The PFF program brings universities--the "producers"--and colleges--the "consumers"-- into partnership to offer faculty preparation that is more in line with the missions of undergraduate colleges and the characteristics of their students. The PFF concept holds that doctoral students considering academic careers need to be prepared not only to conduct research, but also to teach and work within a variety of diverse institutions. The SIGCSE PFF Leadership Team recognizes that the situation in computing is different from that in the other disciplines in this project. The most recent CRA Taulbee Survey shows that only about 1/3 of the new Ph.D.s in computing enter academia. The Team hopes that this initiative will encourage more students to pursue academic careers.
To implement this concept, Ph.D. degree-granting departments, in consortium with similar academic departments in non-degree granting institutions, collaborate to provide a laboratory for graduate students to learn about the full range of faculty roles and responsibilities in teaching, research, and service. These collaborations creatively leverage small grants to forge partnerships within the computing sciences. These partnerships will allow graduate students aspiring to careers in academia to enter as competent professionals who have already begun a process of growth and self-reflection as teachers and scholars.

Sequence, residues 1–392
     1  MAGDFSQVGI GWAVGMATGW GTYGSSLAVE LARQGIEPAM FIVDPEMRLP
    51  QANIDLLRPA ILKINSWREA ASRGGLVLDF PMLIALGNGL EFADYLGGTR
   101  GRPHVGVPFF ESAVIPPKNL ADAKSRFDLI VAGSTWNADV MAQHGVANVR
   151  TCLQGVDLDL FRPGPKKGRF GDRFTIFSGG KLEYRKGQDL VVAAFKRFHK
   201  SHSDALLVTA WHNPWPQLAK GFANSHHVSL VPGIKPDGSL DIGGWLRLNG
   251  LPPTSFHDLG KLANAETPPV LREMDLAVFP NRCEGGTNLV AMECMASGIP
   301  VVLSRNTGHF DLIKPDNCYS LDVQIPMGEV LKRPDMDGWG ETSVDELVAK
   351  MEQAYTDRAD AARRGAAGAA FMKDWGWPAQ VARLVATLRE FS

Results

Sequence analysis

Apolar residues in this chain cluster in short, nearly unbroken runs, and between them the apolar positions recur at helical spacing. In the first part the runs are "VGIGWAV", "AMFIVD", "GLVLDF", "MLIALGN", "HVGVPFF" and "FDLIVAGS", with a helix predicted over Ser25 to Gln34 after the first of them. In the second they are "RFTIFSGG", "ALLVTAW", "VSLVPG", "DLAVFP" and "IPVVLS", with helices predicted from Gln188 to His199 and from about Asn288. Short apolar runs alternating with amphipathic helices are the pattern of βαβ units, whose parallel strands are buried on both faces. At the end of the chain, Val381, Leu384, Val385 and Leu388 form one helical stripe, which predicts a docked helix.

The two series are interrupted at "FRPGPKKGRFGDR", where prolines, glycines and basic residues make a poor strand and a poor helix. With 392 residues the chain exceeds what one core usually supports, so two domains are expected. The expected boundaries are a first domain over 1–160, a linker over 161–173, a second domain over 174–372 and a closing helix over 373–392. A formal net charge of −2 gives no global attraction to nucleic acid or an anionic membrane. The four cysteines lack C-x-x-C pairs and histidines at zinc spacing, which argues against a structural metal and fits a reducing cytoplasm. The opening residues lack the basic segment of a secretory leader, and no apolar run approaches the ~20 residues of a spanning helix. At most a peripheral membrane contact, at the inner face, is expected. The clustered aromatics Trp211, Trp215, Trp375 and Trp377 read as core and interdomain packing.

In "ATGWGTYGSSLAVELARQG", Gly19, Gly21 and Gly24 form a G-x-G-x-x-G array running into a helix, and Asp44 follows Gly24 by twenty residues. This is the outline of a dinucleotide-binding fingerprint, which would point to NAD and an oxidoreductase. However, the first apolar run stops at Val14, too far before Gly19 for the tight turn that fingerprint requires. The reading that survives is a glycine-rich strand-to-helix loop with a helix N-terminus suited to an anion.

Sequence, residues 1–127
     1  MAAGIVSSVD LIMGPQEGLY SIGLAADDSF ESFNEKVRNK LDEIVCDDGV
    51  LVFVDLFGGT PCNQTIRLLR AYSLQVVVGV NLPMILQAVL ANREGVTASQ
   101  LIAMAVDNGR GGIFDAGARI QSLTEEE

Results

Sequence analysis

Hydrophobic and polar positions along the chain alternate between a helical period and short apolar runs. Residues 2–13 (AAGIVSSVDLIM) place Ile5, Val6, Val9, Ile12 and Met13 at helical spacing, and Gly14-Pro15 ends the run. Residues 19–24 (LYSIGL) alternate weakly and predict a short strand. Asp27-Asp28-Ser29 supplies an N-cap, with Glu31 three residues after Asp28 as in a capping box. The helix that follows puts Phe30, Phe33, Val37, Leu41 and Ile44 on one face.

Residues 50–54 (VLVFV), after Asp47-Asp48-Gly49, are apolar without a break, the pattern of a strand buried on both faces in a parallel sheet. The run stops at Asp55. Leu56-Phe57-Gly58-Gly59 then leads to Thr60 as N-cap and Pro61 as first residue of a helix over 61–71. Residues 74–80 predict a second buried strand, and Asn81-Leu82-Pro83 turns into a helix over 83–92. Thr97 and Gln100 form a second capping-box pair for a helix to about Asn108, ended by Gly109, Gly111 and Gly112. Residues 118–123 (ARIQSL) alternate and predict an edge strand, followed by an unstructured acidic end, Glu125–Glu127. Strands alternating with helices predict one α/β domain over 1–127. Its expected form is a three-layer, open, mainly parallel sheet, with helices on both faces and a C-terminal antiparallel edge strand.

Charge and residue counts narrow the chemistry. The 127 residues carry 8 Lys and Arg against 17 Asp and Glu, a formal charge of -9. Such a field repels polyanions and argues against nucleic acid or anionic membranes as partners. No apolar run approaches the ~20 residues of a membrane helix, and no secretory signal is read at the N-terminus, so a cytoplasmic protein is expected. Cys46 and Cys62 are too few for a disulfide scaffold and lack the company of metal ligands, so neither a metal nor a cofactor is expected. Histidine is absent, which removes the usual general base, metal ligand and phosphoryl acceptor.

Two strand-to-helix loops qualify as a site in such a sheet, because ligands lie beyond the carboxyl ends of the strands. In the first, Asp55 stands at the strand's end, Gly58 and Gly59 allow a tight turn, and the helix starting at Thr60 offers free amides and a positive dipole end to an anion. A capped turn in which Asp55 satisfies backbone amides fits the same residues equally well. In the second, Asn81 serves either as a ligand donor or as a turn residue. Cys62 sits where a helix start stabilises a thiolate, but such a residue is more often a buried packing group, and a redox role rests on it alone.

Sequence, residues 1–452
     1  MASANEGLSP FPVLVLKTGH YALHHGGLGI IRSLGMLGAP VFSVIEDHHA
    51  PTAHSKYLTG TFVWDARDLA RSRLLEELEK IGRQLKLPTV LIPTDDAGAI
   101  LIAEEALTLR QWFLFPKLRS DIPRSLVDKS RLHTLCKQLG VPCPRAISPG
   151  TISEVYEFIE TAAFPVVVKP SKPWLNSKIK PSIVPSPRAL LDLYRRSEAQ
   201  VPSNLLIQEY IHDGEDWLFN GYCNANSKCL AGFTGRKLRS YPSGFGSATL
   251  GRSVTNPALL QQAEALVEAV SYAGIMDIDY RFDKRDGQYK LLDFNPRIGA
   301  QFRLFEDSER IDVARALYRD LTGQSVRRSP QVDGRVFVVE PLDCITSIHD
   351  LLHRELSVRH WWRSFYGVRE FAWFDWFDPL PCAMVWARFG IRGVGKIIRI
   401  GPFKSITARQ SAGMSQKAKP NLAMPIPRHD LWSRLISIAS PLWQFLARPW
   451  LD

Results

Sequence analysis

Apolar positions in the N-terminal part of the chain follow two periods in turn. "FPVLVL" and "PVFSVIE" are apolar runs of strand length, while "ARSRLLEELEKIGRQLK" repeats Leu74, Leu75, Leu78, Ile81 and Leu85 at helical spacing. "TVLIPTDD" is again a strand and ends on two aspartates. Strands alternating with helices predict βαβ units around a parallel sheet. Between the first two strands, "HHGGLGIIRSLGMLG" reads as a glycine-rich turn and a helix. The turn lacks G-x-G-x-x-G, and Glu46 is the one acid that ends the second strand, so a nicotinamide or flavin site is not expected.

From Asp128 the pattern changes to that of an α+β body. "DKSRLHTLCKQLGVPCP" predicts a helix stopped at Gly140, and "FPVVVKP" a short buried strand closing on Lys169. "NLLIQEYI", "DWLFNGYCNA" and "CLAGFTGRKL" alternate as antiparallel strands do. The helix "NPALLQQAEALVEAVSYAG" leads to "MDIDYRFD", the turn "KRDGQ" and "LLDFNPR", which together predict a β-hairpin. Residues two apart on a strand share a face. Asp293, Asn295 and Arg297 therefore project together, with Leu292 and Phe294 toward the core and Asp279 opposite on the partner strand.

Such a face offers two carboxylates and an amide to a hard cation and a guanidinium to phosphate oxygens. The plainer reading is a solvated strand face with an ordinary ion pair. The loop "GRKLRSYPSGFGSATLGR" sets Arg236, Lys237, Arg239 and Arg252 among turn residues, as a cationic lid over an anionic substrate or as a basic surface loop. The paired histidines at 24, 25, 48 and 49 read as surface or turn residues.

Clusters focusing on computer science have been formed at
In addition to the NSF-funded computer science clusters several research universities have active cross-disciplinary clusters. These include:
You may read more about the PFF concept at www.preparing-faculty.org.
Activities of interest to cluster members and others concerned about future faculty for computer science include